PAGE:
“A Desert that starts with the alphabet Q? Hmm……….!”

Till Google figures out the perplexing dilemma of naming their latest version of Android, they released a beta this week dubbed as the Android Q. Slated for a speculative launch time of August 2019, Google released its initial beta for testing by the developers.

At the forefront of this recent release lies a clear intent to instigate a higher level of security and privacy for the user in question. This latest version promises a special draft for the upcoming wave of foldable devices while staying true to its optimized smoother and faster UI experience.

Beware! This is a beta OS and is not recommended to install on your daily driver. Users install this at your own risk. 

Let`s dive over the important changes,

Control your Location data: This feature restricts the app from getting location information while running in the background. Set privileges, limits the location data sharing to the selected apps.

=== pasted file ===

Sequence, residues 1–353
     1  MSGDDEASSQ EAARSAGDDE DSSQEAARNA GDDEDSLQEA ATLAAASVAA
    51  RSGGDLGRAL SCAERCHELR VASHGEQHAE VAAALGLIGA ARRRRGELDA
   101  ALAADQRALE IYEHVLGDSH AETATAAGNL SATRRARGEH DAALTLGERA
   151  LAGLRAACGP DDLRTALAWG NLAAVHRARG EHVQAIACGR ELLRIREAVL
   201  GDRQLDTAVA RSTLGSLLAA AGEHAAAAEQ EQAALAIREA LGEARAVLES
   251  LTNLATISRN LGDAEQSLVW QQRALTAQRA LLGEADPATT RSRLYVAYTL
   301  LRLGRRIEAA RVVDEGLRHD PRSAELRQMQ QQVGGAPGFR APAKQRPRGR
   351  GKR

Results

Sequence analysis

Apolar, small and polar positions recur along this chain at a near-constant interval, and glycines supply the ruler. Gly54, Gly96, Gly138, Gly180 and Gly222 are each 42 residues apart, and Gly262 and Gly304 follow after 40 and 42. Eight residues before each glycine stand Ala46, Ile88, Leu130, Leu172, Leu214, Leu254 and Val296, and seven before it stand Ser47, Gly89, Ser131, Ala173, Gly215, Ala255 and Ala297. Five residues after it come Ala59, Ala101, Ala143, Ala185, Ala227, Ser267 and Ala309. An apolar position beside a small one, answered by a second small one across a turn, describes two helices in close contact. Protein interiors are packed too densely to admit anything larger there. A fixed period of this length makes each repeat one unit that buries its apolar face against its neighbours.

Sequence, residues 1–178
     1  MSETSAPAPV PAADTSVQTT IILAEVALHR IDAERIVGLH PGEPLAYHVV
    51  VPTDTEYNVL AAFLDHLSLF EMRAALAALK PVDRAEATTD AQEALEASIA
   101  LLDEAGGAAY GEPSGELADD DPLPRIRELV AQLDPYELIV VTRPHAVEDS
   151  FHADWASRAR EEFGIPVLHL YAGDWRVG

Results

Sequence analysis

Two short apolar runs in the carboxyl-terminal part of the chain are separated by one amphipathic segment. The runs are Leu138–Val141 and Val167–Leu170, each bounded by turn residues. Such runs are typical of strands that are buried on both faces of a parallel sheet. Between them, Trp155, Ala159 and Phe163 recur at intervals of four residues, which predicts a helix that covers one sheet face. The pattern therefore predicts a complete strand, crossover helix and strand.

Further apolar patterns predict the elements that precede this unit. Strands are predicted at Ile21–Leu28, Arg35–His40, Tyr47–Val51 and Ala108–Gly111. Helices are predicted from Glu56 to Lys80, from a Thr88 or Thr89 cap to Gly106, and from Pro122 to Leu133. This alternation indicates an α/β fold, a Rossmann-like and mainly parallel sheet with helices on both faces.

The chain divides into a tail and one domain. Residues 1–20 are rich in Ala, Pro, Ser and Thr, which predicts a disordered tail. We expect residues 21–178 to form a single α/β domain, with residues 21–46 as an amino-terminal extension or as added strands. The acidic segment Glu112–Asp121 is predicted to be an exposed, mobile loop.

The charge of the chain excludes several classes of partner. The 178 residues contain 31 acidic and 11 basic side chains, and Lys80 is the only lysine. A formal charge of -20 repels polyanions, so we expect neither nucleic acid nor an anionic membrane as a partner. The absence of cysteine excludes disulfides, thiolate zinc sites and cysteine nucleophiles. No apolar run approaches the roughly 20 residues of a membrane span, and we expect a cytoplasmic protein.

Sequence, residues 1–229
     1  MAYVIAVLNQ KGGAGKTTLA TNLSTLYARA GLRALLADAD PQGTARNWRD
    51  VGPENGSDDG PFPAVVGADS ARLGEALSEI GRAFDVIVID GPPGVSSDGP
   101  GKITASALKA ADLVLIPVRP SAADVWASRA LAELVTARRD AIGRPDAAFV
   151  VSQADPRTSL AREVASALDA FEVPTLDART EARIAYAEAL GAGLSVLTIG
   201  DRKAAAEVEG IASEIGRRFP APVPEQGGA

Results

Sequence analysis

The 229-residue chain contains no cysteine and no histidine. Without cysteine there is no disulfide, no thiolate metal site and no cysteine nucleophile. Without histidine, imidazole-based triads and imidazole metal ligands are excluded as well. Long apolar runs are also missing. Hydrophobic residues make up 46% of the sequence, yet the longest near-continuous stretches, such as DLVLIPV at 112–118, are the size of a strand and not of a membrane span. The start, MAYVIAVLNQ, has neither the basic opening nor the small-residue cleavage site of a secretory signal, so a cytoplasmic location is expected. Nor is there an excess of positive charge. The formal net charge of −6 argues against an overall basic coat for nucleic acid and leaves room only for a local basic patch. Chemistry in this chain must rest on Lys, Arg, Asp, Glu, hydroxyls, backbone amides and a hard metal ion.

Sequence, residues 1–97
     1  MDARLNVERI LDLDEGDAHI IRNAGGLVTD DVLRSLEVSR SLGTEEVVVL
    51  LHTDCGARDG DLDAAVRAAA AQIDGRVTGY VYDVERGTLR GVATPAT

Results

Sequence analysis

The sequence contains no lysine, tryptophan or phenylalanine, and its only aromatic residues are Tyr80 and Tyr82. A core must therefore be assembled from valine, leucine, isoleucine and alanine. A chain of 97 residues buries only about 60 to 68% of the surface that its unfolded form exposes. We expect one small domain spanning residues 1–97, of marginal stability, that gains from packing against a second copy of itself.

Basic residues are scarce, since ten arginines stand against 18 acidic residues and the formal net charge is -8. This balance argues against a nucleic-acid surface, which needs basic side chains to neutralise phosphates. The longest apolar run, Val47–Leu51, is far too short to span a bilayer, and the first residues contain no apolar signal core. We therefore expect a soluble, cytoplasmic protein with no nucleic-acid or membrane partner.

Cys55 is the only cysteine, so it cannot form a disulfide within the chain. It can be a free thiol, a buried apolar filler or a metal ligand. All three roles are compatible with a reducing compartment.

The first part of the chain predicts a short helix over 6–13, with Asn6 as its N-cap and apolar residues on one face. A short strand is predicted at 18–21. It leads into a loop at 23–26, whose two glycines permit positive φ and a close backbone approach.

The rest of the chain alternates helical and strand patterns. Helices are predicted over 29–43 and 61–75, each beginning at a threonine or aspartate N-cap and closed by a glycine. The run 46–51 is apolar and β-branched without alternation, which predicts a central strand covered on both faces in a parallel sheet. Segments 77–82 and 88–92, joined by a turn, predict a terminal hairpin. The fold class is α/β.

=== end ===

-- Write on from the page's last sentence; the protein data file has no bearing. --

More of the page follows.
Dark mode: Google has provided a system level dark mode to trickle down battery consumption. However, this option is hard to find in the settings app.

Select settings: App often requires permission to certain settings to function. This time you don’t have to make the entire trip down the settings menu as an automated toggle menu appears, when required a connection to data, Bluetooth, Wi-Fi, etc.

Estimate the battery life: A single swipe down the settings menu will switch the battery icon to an estimated time of juice left on the device. Users must consider this as a tentative time calculated on an average usage cycle.

Google’s Product Sans font: The default system-wide font visible on Pixel phone is now omnipresent all over the UI.

Customization: Users can choose from four different palettes for system accent in the developer settings. This just proves to tell Google wishes to push its slight effort for UI customization.

A notch in screenshots: Google has opted to add a virtual notch in the device screenshots to somehow enhance the experience with no option to turn it off.

Preferred Sharing Option: Developers can customize your share screen with the preferred sharing methods to alleviate the struggle of prying through several apps.

Emergency button: Google has introduced a special emergency button in the power menu to promote its security outreach.

Wi-Fi details through QR codes: Scan the QR code to share the Wi-Fi credentials rather than muttering the password out loud. This neat little trick enhances the overall security aspect of the OS.